HAVRE PARK

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Stanley
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HAVRE PARK

Post by Stanley » 04 Jun 2017, 02:42

HAVRE PARK

The name Havre Park has always fascinated me, it has no modern meaning. Like all place and field names there is a reason for it. 'Havre' is the Old English name for oats, so the name means field where oats are grown. 'Haversack' and 'Haver cakes' (oatcakes) come from the same root. The valley bottom in which Havre Park sits is fertile river bottom silt, plenty of evidence for this in every building erected on it. They all had problems finding solid foundations in the soft ground. I've found evidence on the Bolton Priory accounts for oats being obtained from Barlick as early as the 14th century. So Havre Park was important to the town's economy over 700 years ago.
In the 19th century it became even more important when William Bracewell of Newfield Edge (Billycock) bought land there and built his second mill at that time called New Mill. Very shortly afterwards the name changed to Wellhouse and this perhaps refers to the thing that puzzled many residents at the time, why build a mill where there was no obvious water resource, essential to its operation. I've told this story many times, how Bracewell confounded his critics by using the Bowker Drain that runs down the valley bottom. By the way, the build was bedevilled by problems with the foundations because of the river bottom silt. Later in 1920 Henry Brown and Son bought land off the then Calf Hall Shed Company who owned the mill to build their new works, Havre Park Foundry and it was looking at an old picture of the new build that triggered this article.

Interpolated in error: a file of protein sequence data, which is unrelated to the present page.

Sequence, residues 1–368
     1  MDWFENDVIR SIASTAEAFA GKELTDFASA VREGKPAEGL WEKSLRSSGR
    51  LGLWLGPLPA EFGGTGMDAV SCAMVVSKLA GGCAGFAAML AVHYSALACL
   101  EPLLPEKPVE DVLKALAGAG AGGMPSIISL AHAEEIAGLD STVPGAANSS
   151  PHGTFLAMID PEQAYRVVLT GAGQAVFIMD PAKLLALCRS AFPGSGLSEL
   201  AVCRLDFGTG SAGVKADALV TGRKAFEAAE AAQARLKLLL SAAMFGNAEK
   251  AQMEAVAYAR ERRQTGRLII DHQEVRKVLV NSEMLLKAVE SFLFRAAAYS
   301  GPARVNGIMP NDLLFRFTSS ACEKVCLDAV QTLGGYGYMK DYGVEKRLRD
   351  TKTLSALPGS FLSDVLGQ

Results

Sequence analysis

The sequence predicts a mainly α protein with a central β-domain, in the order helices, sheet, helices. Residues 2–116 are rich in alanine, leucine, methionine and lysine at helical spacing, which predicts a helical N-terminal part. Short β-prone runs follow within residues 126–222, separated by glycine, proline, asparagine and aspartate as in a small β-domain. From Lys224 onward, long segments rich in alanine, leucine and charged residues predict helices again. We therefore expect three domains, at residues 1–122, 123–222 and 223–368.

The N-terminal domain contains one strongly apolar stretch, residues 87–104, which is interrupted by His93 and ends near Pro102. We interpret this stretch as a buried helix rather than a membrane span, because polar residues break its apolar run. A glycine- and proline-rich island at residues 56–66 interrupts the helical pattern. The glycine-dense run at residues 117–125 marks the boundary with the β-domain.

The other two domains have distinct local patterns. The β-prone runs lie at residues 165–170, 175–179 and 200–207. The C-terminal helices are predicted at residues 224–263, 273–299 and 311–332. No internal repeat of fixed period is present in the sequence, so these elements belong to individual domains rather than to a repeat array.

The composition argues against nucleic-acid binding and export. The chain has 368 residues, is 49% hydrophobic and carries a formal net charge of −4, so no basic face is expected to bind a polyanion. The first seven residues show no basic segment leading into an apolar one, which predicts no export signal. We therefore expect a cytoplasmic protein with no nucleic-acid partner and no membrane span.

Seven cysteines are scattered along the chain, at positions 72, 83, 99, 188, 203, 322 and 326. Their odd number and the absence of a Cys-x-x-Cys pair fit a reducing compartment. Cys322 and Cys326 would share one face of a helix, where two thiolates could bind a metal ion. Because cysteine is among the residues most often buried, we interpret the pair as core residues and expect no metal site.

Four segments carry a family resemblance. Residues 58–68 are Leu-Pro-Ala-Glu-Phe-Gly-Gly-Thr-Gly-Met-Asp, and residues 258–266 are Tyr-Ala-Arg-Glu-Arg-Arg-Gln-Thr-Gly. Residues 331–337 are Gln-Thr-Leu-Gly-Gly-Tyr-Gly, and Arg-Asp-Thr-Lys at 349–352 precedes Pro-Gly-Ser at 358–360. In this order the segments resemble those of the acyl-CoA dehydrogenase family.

I am always telling you to observe instead of simply 'looking' at elements of our town but when I looked again at that picture I realised that I had been caught out! I had fallen into the trap of looking instead of observing! The original foundry is now the middle building in Gissing and Lonsdale's works at Havre Park and I have always assumed that the frontage was rebuilt when they moved in there. The old picture shows two cast iron strong backs in the top corners of the wall which were the anchor points for heavy tie bars running through the building to reinforce it. When Johnny Pickles built the foundry for his employer Brown he knew about the foundation problems and used old loom cranks in the foundations and tie bars in the main structure. Looking again at the modern building I realised that the two strong backs are still there in the fascia and if you look carefully you can see the remains of the original windows as well. The wall is the original one but cleaned up and a new large door inserted in it.
So the message is, if you give advice be sure to follow it yourself! I have been ignoring the evidence in front of my eyes for forty years. I have feet of clay..... Sorry about that, I shall try to do better!

Image

Henry Brown's new foundry at Havre Park in 1920.
Stanley Challenger Graham
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